Not threatening, just saying to watch it because we've gone down this road already. And yes, I'll happily argue with Bernie any day of the week. The man is a legend, and skilled with using and maintaining axes, but his history is ripped from one source of dubious authority and we're dealing with physics here. By all means, ask any mechanical engineer and they can confirm the principles I'm discussing in the article. Your home washing machine even uses those principles to help minimize vibration while operating.
     
  8. FortyTwoBlades

    FortyTwoBlades Moderator Staff Member

    Messages:
    878
    Likes Received:
    1,419
    Gender:
    Male
    Location:
    Maine
    You may find this helpful...
     
  9. Theodore

    Theodore Member

    Messages:
    1,575
    Likes Received:
    2,520
    Gender:
    Male
    Location:
    Maine
    Conformation of principles does not equal correct application. Start at the beginning. I claim the graphics you post of a plumb line being held on an american axe is not representative of reality. I believe you have exaggerated the example. The only actual picture of you doing this is with a german made "American felling axe". You were holding the string off center. It was still touching handle. And as anyone who has ever worked for a living in Maine knows, what you are off at the top you are off at the bottom. The line running directly down the handle into the head throws a huge wrench at you. As far as you "arguing with Bernie" those with decades of experience disagree with what you claim. You have made the claims against the norm. For quite some time. Yet other than on paper you have not done anything to back your claims. Why?
    It would seem you are trying to claim you have some insight at what your late 20s? That the entire U.S axe manufacturing and costomer base didnt the entire time they were using an axe to harvest wood in the U.S. You seem to think you have some information that Gransfors Bruks does not have. One would think if you believed what you are saying some practical application would be in order.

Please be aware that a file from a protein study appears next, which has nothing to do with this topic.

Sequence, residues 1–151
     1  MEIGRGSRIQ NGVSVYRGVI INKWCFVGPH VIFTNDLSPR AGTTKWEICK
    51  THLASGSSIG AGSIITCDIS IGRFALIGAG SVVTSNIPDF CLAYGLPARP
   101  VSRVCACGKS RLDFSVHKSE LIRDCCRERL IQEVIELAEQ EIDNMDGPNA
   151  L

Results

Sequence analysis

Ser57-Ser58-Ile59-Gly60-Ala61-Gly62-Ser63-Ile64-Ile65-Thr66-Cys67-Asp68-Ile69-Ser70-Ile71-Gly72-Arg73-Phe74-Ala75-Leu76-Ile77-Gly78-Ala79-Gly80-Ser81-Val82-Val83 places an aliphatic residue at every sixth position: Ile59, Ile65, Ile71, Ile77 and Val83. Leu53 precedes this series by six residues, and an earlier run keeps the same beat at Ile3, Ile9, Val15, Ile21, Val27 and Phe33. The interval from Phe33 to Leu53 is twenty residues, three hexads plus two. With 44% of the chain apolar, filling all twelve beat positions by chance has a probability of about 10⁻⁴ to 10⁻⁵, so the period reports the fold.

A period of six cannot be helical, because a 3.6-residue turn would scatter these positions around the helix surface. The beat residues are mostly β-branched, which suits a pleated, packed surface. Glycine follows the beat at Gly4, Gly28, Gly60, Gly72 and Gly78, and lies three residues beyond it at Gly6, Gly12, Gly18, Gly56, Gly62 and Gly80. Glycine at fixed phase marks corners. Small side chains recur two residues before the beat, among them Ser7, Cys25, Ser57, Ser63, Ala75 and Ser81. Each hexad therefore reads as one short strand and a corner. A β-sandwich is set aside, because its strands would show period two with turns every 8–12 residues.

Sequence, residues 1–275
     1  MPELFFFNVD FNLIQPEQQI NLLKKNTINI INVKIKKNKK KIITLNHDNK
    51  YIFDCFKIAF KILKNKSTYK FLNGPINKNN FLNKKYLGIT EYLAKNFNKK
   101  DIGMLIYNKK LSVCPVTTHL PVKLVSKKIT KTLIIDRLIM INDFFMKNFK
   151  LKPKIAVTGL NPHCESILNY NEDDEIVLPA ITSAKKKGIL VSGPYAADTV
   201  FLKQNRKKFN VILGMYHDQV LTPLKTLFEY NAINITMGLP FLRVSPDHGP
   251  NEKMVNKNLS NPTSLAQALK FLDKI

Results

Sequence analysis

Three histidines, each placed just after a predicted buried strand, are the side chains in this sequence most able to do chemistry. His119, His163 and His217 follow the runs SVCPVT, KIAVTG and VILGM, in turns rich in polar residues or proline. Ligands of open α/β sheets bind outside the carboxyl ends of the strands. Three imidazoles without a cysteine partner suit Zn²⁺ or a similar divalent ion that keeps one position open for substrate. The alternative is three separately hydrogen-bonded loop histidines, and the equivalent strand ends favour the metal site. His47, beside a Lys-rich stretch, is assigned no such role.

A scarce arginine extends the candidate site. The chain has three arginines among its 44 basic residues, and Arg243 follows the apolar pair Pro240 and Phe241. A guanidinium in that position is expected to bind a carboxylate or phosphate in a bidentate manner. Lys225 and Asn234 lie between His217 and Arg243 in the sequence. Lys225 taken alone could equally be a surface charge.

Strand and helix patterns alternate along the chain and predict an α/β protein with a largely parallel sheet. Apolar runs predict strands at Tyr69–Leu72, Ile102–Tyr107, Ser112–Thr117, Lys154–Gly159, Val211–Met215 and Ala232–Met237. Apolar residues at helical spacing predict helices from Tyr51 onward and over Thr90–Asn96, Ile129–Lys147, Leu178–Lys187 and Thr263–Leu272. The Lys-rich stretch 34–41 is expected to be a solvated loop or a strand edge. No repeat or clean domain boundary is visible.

Last edited: Dec 19, 2016
  10. FortyTwoBlades

    FortyTwoBlades Moderator Staff Member

    Messages:
    878
    Likes Received:
    1,419
    Gender:
    Male
    Location:
    Maine
    This video explains the concepts of rotational imbalance succinctly, but there is a third possible way to balance the wheel: by changing the axis of rotation. For machinery this is usually impractical, but in the case of hand tools, it's often quite feasible. In the case of American axes they do so by adding weight to the poll until the handle is on, or nearly on, the axis of rotation. In the case of poll-less axes the handle may be offset to bring it along that same axis.
     
  11. Theodore

    Theodore Member

    Messages:
    1,575
    Likes Received:
    2,520
    Gender:
    Male
    Location:
    Maine
    You seem to be failing to understand the entirety of what goes on with an axe. Accuracy and the strike are also very important. Speed wobble is only one part of inaccuracy. The perfectly balanced axe is the double bit on its straight handle. Also agreed to be the most accurate by those that use them. And once you put an agressive bend in a handle things become amplified. As I have pointed out the handle you proposed is not going to be makeable on large scale. It would need to be split quartered and steam bent to avoid cut grain and runnoff. You are running into wall after wall trying to somehow show that what has proved to be inferior and/or unfeasible while in actual use is somehow on equil footing with what evolved from it. You will need to provide a tool that requies no user adjustment and provides equal performance. You are proposing adjusting human use and the handle to extreems all to justify using an unbalanced head. And as far as I can see you have not provided any beneficial reason to use that head that makes a difference in actual use.
     
    Last edited: Dec 19, 2016
  12. FortyTwoBlades

    FortyTwoBlades Moderator Staff Member

    Messages:
    878
    Likes Received:
    1,419
    Gender:
    Male
    Location:
    Maine
    The article isn't a "this is better than that" argument. It's explaining the dynamics in axe design and the strengths and weaknesses of different approaches. I do not make a case for one being superior to the other, and in fact would argue against such an assertion. You are imagining an argument that does not exist. And you have no idea of how such axes perform in actual use, so it's pure conjecture on your part. You're taking the individual axes as whole units rather than isolating individual variables and specifically debating matters of balance. It would be possible to make, for instance, an axe that was identical to a standard Michigan pattern American axe but with the eye at the rear. And it would be possible to make a handle for it that would put the primary length of the handle along a unified axis. The purpose of having the eye at the rear is to either enable a deeper bit for a given head weight, and/or to enable a thinner overall geometry for a given eye dimension.